Bono and the guys in U2 are big football fans, as in soccer.

So when they sang about ''Sunday Bloody Sunday'' and ''New Year's Day,'' they had no intention of describing the end of the 2016 NFL season.

Yet, the firings of Chip Kelly and Trent Baalke in San Francisco, Mike McCoy in San Diego, and the resignation of Gary Kubiak for health reasons in Denver certainly rang true to those rock classics.

Usually, the axings take place the day after the regular season concludes. Except, of course, for the teams in a rush to get into the personnel market extra early, which in `16 were the Jaguars (Gus Bradley), Rams (Jeff Fisher) and Bills (Rex Ryan).

On Sunday, while other franchises were scrambling to make the playoffs or improve their postseason standing, the coaching carousel spun wildly in California. With Fisher already canned in Los Angeles, Kelly and McCoy became unemployed within an hour of each other.

Both moves were predictable, as was the release of Baalke, whose success as a GM with the 49ers now, it's clear, was dependent on how Jim Harbaugh molded and improved the players Baalke gave him. Baalke won a power struggle with Harbaugh, who headed to Michigan. The Niners became historically bad without him, and Baalke's choice of Kelly to work with such a weak roster looks worse than hiring caretaker Jim Tomsula after Harbaugh left. At least Tomsula went 5-11, three more victories than Kelly managed.

Indeed, his only wins in a 2-14 record came against the Rams, so maybe LA owner Stan Kroenke will turn to Kelly.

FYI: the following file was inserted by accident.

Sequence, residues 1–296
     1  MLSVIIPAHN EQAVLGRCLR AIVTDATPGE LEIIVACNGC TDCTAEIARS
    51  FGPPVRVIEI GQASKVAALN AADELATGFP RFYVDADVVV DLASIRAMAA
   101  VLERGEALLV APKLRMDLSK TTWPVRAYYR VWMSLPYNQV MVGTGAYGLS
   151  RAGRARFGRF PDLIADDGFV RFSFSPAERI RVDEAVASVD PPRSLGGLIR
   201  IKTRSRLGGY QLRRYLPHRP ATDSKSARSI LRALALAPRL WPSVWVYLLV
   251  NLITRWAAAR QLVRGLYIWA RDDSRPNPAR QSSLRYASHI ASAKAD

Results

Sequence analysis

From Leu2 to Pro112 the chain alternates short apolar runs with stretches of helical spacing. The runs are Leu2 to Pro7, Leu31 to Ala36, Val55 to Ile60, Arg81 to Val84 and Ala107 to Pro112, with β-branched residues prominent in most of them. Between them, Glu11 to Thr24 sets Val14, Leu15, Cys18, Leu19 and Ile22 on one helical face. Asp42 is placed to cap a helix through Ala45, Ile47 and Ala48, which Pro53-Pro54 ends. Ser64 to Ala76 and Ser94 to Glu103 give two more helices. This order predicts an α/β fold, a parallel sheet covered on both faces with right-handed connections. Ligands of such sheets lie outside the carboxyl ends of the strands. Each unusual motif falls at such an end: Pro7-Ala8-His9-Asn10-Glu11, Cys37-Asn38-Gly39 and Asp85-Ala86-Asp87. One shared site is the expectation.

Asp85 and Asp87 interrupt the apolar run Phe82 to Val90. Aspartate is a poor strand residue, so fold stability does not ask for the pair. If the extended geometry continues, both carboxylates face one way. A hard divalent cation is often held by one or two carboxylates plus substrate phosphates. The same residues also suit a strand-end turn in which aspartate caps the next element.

Don't count on it.

''Despite my feelings for Trent and Chip, I felt the decision to change our football leadership was absolutely necessary,'' 49ers CEO Jed York said in a statement. ''The performance of this team has not lived up to my expectations or those of our fans, and that is truly disappointing. We all expected to see this team progress and develop as the season went on, but unfortunately that did not happen. That is why now is the time to find a new direction for this team.''

The new direction for the Chargers looks like it will be north a bit to become a tenant of Kroenke and the Rams in the new Inglewood, California palace that will open in a few years. McCoy's team lost its last five games and finished second for two straight seasons in the tough AFC West. Injuries tore it apart, too, but with the focus on whether the Chargers would move to LA, it was hard to judge what kind of job McCoy was doing.

Apparently Chargers chairman Dean Spanos wants a totally fresh start when the club abandons its long-time home.

Which means both of the new teams in Los Angeles, which was without the NFL since 1995 until the Rams moved back last year, will be riding the coaching carousel.

More moves could be coming, too. Is Chuck Pagano safe in Indianapolis? Might the Saints do something with Sean Payton? What about Bears coach John Fox?

Safe for another year are Todd Bowles and Mike Maccagnan, who the Jets are bringing back. And Cleveland coach Hue Jackson, despite a 1-15 record. And Marvin Lewis despite the meltdown in Cincinnati.

The saddest news comes from Denver. Never was there a question about Gary Kubiak returning after leading the Broncos to their Super Bowl win last February. But Kubiak's health issues forced him to step aside, disappointing fans, players and John Elway alike.

''We love Kube, we love how he treated us,'' said cornerback Aqib Talib. ''We pray he gets healthy.''

Denver won't have any trouble filling Kubiak's spot. One of the hot candidates, for example, is Atlanta offensive coordinator Kyle Shanahan, son of Mike Shanahan, who coached Elway to two Super Bowl championships.

Given how well Kubiak fit in the Broncos' family, such a hire makes a lot of sense.

Then again, sensibility isn't always a criteria in NFL coaching circles.

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